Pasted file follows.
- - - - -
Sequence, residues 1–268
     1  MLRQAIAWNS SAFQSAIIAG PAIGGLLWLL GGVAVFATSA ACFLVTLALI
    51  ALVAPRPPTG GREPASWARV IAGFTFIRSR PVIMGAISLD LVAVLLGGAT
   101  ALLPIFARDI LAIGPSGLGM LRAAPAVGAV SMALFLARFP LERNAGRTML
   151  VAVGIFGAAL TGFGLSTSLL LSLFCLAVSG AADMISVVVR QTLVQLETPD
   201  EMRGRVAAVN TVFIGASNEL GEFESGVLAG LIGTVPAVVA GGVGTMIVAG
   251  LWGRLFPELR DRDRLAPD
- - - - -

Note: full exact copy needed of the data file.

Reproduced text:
Sequence, residues 1–268
     1  MLRQAIAWNS SAFQSAIIAG PAIGGLLWLL GGVAVFATSA ACFLVTLALI
    51  ALVAPRPPTG GREPASWARV IAGFTFIRSR PVIMGAISLD LVAVLLGGAT
   101  ALLPIFARDI LAIGPSGLGM LRAAPAVGAV SMALFLARFP LERNAGRTML
   151  VAVGIFGAAL TGFGLSTSLL LSLFCLAVSG AADMISVVVR QTLVQLETPD
   201  EMRGRVAAVN TVFIGASNEL GEFESGVLAG LIGTVPAVVA GGVGTMIVAG
   251  LWGRLFPELR DRDRLAPD